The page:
Empire State by Adam Christopher
Published by Angry Robot Books, January 2012. Review Copy received.
Review by Mark Yon
The art-deco style cover gives you a clue about this one. Here is a tale set initially in a 1920/30’s style New York, though not the New York City, but a place called Empire State. (Although the real New York City does appear, later.)
We have murder and gunshots in dark city streets, where it is always raining, detectives under streetlamps wrestling silently with their broody thoughts and dubious morals. We have Superheroes entwined with Gangsters. And with illicit booze, gang fights, car chases, airships, and robots, it’s a great mash-up of pulp fiction, film-noir and even a little SF ‘sensawunda’. It’s a book with the detective feel of Chandler and Marlowe living in the strange urban landscapes of China Mieville, mixed in with a good dose of Paul McAuley quantum universe SF. And above all, it’s a pulp style superhero book, one that is reminiscent of George RR Martin’s Wild Cards series, or my recent read of Paul Malmont.
The sense of place is strong in this one. I was impressed by the grimy sidewalks, the speakeasies, the general sense that all is not well in this urban metropolis.
The characterisation is pretty good too. Though our main hero, Rad Bradley, fits all the usual clichés of ‘downtrodden detective’, Rad has a bit more depth than I’d expected. Whilst being the tortured hero, it’s also clear that he has issues, though these are not overplayed. He wants to do the right thing and clearly has good intentions, though the city is wearing him down.
Rad is given the case of finding a young woman (Sam Saturn) who has gone missing. In the finest tradition of film noir, there’s more to this than you (or Rad) expect, and we soon find ourselves enmeshed in a plot of secrecy and betrayal, connected to the seemingly never-ending ‘Wartime’ and the under-construction Empire State building.
There’s a great range of secondary characters to fill out the world. We meet Rad’s best friend newspaper reporter Kane Fortuna, who eventually becomes not-what-we-expect. Kane introduces Rad to Captain Carson and his enigmatic robotic sidekick Byron, who remind me of the old pulp adventurers such as Doc Savage and Alain Quartermain. At the same time, but in alternate storylines, we meet Rex, a gangster, and a Ku-Klux-Clan-like prophet, The Pastor of Lost Souls, whose secret meetings suggest that a time of revolution may soon be at hand.
In such tales where the writer is juggling so many aspects, there’s a great risk it isn’t going to work, that there’s too many references to the past and not enough originality, and that ‘the grand idea’ in the end peters out to nothing. There was an issue here in that the set up in the initial pages is quite impressive, although by the middle the novel suffers by a colossal slow-down of pace, with lots of running around between low-key locations which is a tad repetitive. In order to maintain the air of mystery before the big reveal midway through, we don’t see a lot of Empire State and so momentum is lost. Some things are kept deliberately enigmatic: the war between Empire State and ‘The Enemy’, the fact that most residents of the Empire State cannot remember much of their history, but seem to exist mainly in the now.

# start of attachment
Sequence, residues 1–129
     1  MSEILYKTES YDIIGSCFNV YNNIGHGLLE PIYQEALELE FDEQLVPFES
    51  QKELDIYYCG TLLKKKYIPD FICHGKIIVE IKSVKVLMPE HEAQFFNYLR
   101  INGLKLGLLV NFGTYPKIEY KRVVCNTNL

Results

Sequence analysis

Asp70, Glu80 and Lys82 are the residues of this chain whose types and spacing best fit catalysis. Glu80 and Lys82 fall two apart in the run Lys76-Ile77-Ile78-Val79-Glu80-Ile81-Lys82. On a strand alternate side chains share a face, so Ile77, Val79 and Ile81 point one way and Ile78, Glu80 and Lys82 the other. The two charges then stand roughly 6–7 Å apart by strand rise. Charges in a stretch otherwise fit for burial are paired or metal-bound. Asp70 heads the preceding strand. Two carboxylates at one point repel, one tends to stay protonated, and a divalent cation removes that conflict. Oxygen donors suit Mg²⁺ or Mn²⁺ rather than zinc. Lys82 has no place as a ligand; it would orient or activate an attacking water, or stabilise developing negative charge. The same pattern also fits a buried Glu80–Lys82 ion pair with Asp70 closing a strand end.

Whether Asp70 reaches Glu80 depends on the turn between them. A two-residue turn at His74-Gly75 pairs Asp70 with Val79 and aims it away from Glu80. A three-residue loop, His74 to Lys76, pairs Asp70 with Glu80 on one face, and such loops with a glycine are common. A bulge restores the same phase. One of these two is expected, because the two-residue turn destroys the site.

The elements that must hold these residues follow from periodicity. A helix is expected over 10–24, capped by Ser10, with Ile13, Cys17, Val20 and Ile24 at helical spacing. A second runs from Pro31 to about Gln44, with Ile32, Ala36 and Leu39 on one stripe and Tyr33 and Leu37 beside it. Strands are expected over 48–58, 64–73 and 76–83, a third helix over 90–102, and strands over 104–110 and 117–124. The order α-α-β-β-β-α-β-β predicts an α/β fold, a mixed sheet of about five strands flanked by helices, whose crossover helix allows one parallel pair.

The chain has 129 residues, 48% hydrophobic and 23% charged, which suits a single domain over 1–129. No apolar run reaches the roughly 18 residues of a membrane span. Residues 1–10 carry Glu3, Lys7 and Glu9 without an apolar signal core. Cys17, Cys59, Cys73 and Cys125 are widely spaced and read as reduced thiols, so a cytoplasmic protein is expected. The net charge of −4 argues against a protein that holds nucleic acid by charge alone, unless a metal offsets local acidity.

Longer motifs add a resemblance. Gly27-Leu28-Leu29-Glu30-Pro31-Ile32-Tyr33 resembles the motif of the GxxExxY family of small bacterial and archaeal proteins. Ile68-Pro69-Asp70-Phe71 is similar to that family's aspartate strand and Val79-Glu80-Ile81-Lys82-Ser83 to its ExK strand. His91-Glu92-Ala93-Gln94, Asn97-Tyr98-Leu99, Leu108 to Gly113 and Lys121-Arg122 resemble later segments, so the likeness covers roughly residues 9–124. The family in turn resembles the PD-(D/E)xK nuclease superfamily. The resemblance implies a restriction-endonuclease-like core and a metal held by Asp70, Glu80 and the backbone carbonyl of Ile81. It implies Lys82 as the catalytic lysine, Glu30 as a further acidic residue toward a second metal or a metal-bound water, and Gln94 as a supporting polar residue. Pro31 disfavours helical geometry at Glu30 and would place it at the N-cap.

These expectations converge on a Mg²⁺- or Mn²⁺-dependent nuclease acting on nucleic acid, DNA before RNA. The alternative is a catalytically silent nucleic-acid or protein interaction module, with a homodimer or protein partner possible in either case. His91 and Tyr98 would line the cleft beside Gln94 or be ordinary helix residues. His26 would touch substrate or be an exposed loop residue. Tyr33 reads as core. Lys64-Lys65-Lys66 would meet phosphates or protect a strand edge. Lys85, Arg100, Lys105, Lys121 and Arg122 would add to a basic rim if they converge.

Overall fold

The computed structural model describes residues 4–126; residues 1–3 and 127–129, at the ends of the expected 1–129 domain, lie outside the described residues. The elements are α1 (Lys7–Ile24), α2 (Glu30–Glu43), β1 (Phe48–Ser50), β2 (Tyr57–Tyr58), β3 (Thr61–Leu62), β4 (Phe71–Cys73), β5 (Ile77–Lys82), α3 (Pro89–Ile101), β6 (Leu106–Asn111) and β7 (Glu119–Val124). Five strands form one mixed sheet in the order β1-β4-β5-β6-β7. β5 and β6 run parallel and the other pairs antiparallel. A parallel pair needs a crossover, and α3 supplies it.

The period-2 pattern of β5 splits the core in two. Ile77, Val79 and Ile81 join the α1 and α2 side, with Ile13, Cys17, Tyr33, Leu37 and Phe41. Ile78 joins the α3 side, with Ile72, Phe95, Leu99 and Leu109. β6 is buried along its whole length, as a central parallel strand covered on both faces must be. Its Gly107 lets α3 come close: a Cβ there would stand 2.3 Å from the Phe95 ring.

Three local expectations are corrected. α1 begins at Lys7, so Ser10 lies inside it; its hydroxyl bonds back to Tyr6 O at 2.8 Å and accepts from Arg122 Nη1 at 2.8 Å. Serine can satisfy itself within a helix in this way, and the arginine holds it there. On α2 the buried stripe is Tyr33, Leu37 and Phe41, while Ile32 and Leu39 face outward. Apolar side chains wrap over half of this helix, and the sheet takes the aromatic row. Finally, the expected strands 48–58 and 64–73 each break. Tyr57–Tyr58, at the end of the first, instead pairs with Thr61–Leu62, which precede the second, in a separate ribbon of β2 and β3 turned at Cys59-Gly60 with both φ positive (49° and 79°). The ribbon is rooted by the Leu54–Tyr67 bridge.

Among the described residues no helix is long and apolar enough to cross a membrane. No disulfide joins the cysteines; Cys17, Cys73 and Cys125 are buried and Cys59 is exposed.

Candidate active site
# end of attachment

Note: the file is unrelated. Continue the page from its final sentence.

In the middle there are major revelations to explain these strange characteristics, mainly in an info-dump format when Rad has the problem/s revealed.
[MAJOR PLOT SPOILERS!!!]
The key concept of the story is that Empire State and New York City are in parallel universes, the Origin and the Pocket, but connected through a rift, the Fissure. Opposing factions on both sides are trying to keep the Fissure open or close it, but time is running out as the Origin universe (New York) is reabsorbing the Pocket universe (Empire State). Some of our characters have crossed over between the two to do this whilst others have doppelgangers co-existing in the opposing universes.
[END OF MAJOR PLOT SPOILERS!!!]
The remainder of the novel is spent dealing with the repercussions of these revelations and the tale becomes a little fractured towards the climax, jumping between the key characters and travelling between the places where they are.
By the end, it’s all resolved. The problem is solved, things settle into a new reality, although again there’s a lot of ‘here’s why this happened’ dialogue in order to do this.
Despite the drop-off in the middle of the book, and the ending not quite holding up to its ambitious premise, I’m pleased I persevered with this one. It’s a very impressive debut. The sequel, Seven Wonders, is due out from Angry Robot Books in September 2012. Based on what I’ve read here, it’s going to be brilliant.
Some interesting little extras at the back of the book: there’s an interview with Adam about the writing of the novel, which is quite enlightening. There’s also a listening list of music that inspired the author whilst writing the novel, which includes sources as diverse as The Cure and Hans Zimmer’s Inception soundtrack.
Most interestingly of all, there is information about Worldbuilder, a computer website that allows the reader to put up web designs, fan art, comic art, audio, or anything appropriate to the world Adam has created, under a Creative Commons licence. A great idea, in my opinion.
Mark Yon, January 2012